Categories: Features
July 30, 2019
| On 4 months ago

MO Tested: Vemar Shark Modular Helmet Review

Vemar Shark modular helmet

Editor Score: 83.0%
Aesthetics 8.25/10
Protection 8.75/10
Value 9.5/10
Comfort/Fit 8.5/10
Quality/Design 8.0/10
Weight 8.0/10
Options/Selection 8.0/10
Innovation 8.0/10
Weather Suitability 8.0/10
Desirable/Cool Factor 8.0/10
Overall Score83/100

Vemar Shark

If you didn’t know the Vemar Shark was a $199 helmet, you probably wouldn’t guess it. You wouldn’t confuse it with our MO consensus Cadillac of modulars, the Shoei Neotec 2, but you also wouldn’t think it would sell for one- fourth the price of my go-to Neotec Splicer TC-6.

Comfort is number one, and my head has been inside this reasonably plush size L Shark for three hours at a stretch with zero discomfort or hot spots, with no modifications whatsoever. The shell shape seems to be the same intermediate oval of the Shoei, which is so common among North American skulls. Naturally the Vemar’s insides are removable and washable, and the standard chin curtain and nicely padded neck roll keep the insides quiet and calm.

The mandible, or front of the helmet, locks into place with a reassuring snap, and unlike some (more expensive) modulars, the center-mounted release at the bottom of the chinbar is always easy to locate to open it again. One unique feature of the Vemar I really like is its really big storm trooper style eyeport. The eyeport’s not that tall, but it is really wide and extends lower than most at the sides; it’s like a bay window. Because of that, instead of reaching for the open-the-front button quick! at every stop, you sometimes forget you even have that option, since it feels so un-claustrophobic inside there. This one would make a good ADV helmet. Hang on while I see if goggles will fit. Yes, but just barely. (In fact, Vemar makes a couple of ADV helmets.)

It’s surprisingly nice in here.

The face shield mechanism seems a bit cheesy at first glance. There’s no cracked-open detent: Of the three detents, the first one has the shield open most of an inch. Weirdly enough, it’ll stay in that spot with little buffeting or weirdness up to well over 90 mph on a naked bike without slamming shut. And since it’s Pinlock ready, it feels like you might never miss the barely cracked anti-fog position found on more expensive lids. But I’ve only worn it in hot, dry conditions so far. 

What’s really nice is that there are wings molded into the bottom of the shield on both sides, so it’s easy to open the shield with either hand (unlike my Neotec, whose shield can be a b***h to open sometimes, left thumb only) – and those same little wings seem to keep the shield positively closed when you’re rolling along at 80, even when you turn your head. The top of the shield has a unique molded profile also, that fits snugly onto the rubber trim on top of the eyeport. Overall, the thing’s remarkably quiet for a $200 modular helmet, and looks like it would keep out the rain, too.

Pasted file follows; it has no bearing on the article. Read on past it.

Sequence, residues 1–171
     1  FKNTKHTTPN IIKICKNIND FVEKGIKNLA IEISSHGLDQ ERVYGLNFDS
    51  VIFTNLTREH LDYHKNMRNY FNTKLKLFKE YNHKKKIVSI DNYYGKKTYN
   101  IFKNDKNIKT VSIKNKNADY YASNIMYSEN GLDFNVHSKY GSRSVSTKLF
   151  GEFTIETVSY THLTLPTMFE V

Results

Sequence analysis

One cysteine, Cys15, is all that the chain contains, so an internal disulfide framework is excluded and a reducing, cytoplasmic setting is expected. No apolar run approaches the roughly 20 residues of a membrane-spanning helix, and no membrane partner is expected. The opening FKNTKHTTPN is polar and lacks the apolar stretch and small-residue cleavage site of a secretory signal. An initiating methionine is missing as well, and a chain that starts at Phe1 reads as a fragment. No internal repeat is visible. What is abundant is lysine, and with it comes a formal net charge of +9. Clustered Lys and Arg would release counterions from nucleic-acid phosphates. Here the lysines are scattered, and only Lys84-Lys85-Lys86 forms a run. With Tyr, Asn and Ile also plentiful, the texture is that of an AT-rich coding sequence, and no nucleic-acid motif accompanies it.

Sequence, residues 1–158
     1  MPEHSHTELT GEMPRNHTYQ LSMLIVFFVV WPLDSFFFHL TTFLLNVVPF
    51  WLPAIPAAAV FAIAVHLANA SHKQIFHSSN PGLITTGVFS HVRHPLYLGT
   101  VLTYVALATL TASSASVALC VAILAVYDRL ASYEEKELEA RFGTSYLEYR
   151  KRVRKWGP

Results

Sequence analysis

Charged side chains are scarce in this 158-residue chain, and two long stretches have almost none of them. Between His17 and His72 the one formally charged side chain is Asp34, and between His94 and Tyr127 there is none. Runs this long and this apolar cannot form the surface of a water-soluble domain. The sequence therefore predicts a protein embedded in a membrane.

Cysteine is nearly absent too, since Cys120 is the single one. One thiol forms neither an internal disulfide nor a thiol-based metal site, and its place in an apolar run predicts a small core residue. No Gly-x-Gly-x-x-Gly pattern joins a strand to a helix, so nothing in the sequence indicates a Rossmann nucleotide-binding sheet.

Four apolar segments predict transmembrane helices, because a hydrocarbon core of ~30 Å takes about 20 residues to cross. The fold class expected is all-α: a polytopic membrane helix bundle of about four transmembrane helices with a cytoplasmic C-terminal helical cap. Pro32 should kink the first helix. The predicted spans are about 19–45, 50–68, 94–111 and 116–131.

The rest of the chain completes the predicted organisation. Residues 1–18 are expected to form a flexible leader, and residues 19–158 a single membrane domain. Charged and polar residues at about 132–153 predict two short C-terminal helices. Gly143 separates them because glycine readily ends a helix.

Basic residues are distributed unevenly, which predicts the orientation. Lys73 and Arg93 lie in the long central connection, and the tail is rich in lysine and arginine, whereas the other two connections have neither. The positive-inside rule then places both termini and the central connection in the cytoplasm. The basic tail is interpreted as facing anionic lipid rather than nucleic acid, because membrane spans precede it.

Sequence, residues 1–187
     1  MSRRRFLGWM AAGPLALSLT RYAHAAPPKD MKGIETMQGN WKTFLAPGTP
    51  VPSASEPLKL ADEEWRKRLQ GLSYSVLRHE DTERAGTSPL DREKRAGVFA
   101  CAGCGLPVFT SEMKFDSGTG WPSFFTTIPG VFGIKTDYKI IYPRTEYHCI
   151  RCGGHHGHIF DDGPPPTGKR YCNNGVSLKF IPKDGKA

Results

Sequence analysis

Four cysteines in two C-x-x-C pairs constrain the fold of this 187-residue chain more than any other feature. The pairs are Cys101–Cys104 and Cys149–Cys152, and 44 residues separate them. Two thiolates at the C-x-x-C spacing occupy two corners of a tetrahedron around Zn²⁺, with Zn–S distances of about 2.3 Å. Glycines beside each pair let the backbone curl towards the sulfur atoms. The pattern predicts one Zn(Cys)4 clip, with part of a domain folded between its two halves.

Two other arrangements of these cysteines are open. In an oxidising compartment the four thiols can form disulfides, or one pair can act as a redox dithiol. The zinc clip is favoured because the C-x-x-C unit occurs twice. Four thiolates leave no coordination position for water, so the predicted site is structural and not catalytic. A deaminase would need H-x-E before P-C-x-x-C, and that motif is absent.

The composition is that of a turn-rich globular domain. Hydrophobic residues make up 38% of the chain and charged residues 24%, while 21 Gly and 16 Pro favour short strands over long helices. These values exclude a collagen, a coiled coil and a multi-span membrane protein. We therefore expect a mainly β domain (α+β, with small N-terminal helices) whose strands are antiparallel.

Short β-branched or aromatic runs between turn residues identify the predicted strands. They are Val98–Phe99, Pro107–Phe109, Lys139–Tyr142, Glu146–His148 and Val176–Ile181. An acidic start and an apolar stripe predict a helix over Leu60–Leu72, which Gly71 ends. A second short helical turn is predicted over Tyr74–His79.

Speaking of hot and dry, the chinbar vent is easy to find when you’re riding and flows a good amount of air when the shield is closed, and the two vents on top are also easy to operate while riding and flow good air (if not quite as much as the flow-through king Neotec).

Pushing down on the rear of the two top rocker-type vents opens them to let the air in. The exit vents are always open.

Pushing down on the rear of the two top rocker-type vents opens them to let the air in. The exit vents are always open.

Yes, there’s a drop-down internal sun visor that deploys via a sliding bar at bottom left of the helmet, just like Neotec. We’ve grown to love these things for riding in bright sun followed by dark night, with no need to lug around an extra shield, and the Vemar’s works as well as any. Better than most in fact: Its visor’s got little winglets along its bottom edge too, and it seems quieter and calmer than most when riding with the main shield, or the front of the helmet, open.

There’s a removable port on the left side designed for a communicator to fit right over (and a sticky mount for a Cardo provided), pre-molded pockets in the EPS liner for speakers, and even a clip in the left front for a boom mike just like the one my Cardo Packtalk Bold came with. The speaker pockets molded into the EPS liner don’t line up with where my ears are, but that could be a defect with my head as much as with the Vemar? 

Wire-framed eyeglasses slide in easily, my Wayfarers do too if a bit snuggly (they won’t go in my expensive Schuberth at all).

I jury-rigged my Cardo on here for experimental purposes only; a Cardo sticky mount to put it in the correct position further forward is included.

Paint and graphics aren’t up to Shoei/Arai standards, but again, not that far behind at all given the price difference. My favorite cheapie modular before this one was an HJC IS-MAX II; I’d say the made-in-China Vemar has the HJC beat in terms of design, fit/finish, appearance and comfort. It’s also less expensive. Weightwise, it feels a smidge heavier than the HJC, about the same as the Neotec 2.  In addition to the Matt Black/Yellow here, there are also Matt Black/Orange and Matt Black/Gray color options, in six sizes from XS to XXL. My L fits my usual size L noggin just right.

This is my first Vemar, but it’s not Vemar’s first rodeo by any means. They’ve been at it since 1975 in Tuscany, Italy; you can read all about their history here. In addition to the mandatory DOT sticker, every Vemar helmet is engineered to Europe’s ECE-22.05 standard. 

Even if you have an $800 head, I bet it would be about $400 to $500 as happy inside this great $200 helmet.

Vemar Shark – $199

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